Echoes of the Good Shepherd

Br. Michael

 

Who doesn’t feel better, knowing there’s someone there who cares for them?

-Siegfried Farnon, All Creatures Great and Small

 

All Creatures Great and Small is based on the true story of a young vet in England in the 1930s. I discovered the current television remake of this show on PBS (thank you PBS) a year ago and have enjoyed both seasons (with my Mom) so far. The simple and yet touching stories of community, relationships, creation, and of the characters moving beyond fears, expectations, and judgments have been like comfort food.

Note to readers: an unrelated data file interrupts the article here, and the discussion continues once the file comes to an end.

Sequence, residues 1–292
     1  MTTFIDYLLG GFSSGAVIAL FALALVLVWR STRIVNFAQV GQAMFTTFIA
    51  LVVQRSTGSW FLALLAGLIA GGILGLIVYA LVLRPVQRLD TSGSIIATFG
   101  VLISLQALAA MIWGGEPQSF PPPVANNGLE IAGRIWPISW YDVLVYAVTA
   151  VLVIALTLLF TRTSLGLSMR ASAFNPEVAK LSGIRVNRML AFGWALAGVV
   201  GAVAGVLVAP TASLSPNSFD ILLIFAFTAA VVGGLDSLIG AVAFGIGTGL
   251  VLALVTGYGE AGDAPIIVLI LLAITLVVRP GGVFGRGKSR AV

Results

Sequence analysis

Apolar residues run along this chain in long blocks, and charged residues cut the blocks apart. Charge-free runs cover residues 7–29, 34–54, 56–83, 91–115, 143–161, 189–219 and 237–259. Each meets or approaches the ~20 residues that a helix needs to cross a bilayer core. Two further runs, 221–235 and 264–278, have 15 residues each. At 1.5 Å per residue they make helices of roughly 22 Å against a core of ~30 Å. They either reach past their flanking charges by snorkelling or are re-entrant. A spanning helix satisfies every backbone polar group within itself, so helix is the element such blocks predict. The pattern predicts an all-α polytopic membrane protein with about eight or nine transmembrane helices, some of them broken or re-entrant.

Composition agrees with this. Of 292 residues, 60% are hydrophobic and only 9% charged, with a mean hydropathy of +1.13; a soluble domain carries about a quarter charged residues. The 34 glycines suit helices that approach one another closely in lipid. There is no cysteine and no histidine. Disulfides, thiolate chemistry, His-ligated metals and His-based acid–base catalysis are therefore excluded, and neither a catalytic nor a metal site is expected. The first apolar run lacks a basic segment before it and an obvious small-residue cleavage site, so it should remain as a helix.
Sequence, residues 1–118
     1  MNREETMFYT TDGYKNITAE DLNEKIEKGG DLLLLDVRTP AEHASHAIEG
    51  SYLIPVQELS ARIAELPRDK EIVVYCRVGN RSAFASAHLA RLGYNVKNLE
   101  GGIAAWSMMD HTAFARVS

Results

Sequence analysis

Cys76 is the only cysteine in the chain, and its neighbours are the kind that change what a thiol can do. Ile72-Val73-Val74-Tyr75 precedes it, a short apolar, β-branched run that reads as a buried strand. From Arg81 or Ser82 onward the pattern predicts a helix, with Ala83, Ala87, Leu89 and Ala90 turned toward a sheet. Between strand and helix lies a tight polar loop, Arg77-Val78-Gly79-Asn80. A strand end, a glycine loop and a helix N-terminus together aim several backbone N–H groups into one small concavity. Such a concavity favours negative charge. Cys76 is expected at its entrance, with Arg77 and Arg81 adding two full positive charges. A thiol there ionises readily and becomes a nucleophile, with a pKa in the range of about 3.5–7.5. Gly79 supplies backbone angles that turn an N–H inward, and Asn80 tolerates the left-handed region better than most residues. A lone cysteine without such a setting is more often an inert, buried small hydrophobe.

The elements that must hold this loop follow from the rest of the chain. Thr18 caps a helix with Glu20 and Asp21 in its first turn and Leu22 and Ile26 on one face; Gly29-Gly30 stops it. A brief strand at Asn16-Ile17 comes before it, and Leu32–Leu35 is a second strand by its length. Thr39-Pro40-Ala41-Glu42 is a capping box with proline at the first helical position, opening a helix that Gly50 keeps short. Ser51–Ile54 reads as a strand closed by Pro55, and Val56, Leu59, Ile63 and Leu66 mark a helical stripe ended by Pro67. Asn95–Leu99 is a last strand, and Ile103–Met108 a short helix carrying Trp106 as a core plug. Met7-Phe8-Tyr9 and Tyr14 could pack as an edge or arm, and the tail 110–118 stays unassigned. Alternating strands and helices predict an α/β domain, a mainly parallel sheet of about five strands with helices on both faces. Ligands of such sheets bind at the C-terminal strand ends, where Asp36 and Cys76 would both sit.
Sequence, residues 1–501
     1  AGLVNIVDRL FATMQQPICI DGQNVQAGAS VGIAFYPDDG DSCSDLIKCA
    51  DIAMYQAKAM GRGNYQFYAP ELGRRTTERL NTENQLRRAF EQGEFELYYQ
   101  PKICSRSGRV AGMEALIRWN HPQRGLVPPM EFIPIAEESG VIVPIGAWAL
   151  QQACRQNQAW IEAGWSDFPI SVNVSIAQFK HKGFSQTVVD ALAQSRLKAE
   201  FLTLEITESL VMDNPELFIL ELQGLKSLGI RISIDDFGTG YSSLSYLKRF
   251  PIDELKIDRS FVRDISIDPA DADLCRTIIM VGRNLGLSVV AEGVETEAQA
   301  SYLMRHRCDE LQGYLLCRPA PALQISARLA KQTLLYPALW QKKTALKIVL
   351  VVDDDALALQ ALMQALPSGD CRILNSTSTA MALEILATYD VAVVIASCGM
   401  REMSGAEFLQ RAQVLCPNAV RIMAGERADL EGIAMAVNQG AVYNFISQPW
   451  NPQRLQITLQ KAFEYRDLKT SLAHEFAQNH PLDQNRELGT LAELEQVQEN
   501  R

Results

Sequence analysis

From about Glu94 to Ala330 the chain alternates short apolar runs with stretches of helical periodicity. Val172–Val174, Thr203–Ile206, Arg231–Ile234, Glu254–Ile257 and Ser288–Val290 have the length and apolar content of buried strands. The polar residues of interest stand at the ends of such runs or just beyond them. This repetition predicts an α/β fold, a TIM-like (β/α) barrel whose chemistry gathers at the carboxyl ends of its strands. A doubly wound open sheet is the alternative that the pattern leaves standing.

The quote from Siegfried, the patriarch of the family, seems to echo the words of Jesus, the Good Shepherd in the gospel of John (10.27-30). There is great comfort in hearing a familiar voice, in being known and knowing we do not walk alone. Who doesn’t like to be cared for and known? This is the gift Christ offers us time and again. Over the course of the two seasons of All Creatures Great and Small, each of the characters has come to discover the gift of being cared for, being reassured by a loving voice, and also being challenged to grow and trust in the unity that makes them a family and community. It echoes the Good Shepherd present with us in our living and being, assuring us and caring for us.